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A brief history of luxury: The tradition of the tourbillon in haute horlogerie

A brief history of luxury: The tradition of the tourbillon in haute horlogerie

The watchmaking complication of the tourbillon, also known as the rotating cage, has fascinated luxury watchmaking for nearly 220 years and is now considered a watchmaking tradition. Focus on the ingredients that have made the success of this device, and its evolution.

 

The tourbillon was invented in 1801 by the French watchmaker Abraham-Louis Breguet, a watchmaker for French royalty who founded the House of Breguet in 1775. The company was a great success and attracted the most illustrious French personalities, including Louis XVI, Marie-Antoinette, the Duke of Orleans, Napoleon, Queen Victoria, and Winston Churchill.

 

The watchmaking complication of the tourbillon came into being as Abraham-Louis Breguet sought to perfect his watches and in particular to solve the problem of the earth’s gravity on watch movements. Thus, the tourbillon makes it possible to delay or accelerate the dis-equilibrium effect that affects the movement of watches. The device acts in such a way as to compensate for the differences induced by gravity with the changes in wrist positions. His invention, which will still mark the watchmaking world 220 years later, was only unveiled to the public in 1806.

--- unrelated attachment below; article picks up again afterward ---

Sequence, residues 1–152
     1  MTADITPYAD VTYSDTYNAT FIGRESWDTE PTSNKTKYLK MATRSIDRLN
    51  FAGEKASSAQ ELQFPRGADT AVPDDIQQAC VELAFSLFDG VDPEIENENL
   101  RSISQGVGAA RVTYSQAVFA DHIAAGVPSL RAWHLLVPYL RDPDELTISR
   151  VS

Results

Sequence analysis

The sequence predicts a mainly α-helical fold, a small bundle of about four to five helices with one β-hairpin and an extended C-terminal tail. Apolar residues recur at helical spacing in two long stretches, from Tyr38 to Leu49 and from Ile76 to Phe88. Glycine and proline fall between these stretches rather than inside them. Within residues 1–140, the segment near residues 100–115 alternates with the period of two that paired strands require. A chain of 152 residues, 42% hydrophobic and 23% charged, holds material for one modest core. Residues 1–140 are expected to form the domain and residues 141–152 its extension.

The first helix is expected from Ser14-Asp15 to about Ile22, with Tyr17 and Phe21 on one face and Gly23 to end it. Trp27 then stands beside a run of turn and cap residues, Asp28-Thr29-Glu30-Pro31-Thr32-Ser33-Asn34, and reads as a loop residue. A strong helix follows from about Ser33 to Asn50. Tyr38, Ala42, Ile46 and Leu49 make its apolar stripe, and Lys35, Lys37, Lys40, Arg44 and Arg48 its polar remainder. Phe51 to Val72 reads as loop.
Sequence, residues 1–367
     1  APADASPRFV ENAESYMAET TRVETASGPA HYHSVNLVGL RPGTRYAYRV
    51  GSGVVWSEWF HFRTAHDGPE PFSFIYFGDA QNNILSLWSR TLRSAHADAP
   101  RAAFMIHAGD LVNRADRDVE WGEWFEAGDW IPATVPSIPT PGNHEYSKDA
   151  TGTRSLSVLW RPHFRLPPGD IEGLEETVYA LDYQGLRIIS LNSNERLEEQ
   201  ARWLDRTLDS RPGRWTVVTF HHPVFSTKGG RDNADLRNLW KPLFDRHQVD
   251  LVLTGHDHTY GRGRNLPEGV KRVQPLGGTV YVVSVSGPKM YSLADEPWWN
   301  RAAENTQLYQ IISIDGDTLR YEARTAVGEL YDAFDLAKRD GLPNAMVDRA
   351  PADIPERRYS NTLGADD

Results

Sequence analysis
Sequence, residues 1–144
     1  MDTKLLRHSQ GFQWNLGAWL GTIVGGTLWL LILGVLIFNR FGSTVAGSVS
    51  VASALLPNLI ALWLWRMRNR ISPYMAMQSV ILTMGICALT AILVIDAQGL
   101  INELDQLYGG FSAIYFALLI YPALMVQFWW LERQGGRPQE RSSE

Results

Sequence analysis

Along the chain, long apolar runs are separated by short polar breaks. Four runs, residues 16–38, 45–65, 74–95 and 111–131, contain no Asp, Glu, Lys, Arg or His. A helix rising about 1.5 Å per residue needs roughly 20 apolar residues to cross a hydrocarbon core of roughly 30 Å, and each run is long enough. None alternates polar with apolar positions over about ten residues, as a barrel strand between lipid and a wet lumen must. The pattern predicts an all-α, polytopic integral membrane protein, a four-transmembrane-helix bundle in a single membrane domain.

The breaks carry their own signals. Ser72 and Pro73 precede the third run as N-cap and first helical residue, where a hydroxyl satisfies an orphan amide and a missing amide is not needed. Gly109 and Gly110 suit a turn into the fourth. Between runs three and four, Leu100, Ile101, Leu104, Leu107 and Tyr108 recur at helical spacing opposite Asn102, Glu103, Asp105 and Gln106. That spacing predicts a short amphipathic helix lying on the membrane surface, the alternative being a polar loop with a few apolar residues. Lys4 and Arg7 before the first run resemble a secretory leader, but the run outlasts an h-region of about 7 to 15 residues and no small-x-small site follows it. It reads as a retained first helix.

The revolving cage invented by the House of Breguet evolved with the times, and some models even feature tourbillons on several axes or even several tourbillons. This hypnotizing mechanism can be installed on men’s watches, such as the Breguet, Jaeger-LeCoultre, and Audemars Piguet models, as well as on women’s watches, like Bulgari’s Serpenti Seduttori model.

 

Breguet’s classic tourbillon

 

Breguet Classic Tourbillon Extra-Flat Skeleton 5395 © Press

 

The first rotating cage, that of Abraham-Louis Breguet, whose idea came to him during a trip to Switzerland, was patented for 10 years and revolutionized the watchmaking world of the time. After 10 years, many major manufacturers appropriated the tourbillon and reinvented it in their own way, without however depriving its creator of his letters of nobility.

 

The physicist Abraham-Louis Breguet left his mark on luxury watchmaking, notably by making the first luxury wristwatch for the Queen Consort of Naples, Caroline Murat. He was also at the origin of models that allowed the time to be read by touch.

 

 

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The tourbillon reinvented by Purnell

Purnell’s Escape IIS Treasure watch. © Press

 

Since its invention, many variations of the tourbillon have been created. These include the Gyrotourbillon by Jaeger-leCoultre, the Quadruple Tourbillon by Greubel Forsey, and the Tri-axial Tourbillon by Thomas Prescher. However, one manufacturer, new at the time, managed to reappropriate the tourbillon better than the others: the Purnell company.

 

In 2017, then under the leadership of CEO Maurizio Mazzocchi, Purnell developed an alternative to the tourbillon, the spherion. Designed in collaboration with master watchmaker Eric Coudray and the Tec-Ebauches company, this spherion works like a tourbillon, turning on three axes. This new model would be three times faster than the others, and would also exist in “double-spherion“, an exclusive from the Purnell company.

 

Read also > FASHION HISTORY: THE CHANEL JACKET, THE HOUSE’S ICONIC DESIGN FOR 100 YEARS

 

Featured photo: © Press

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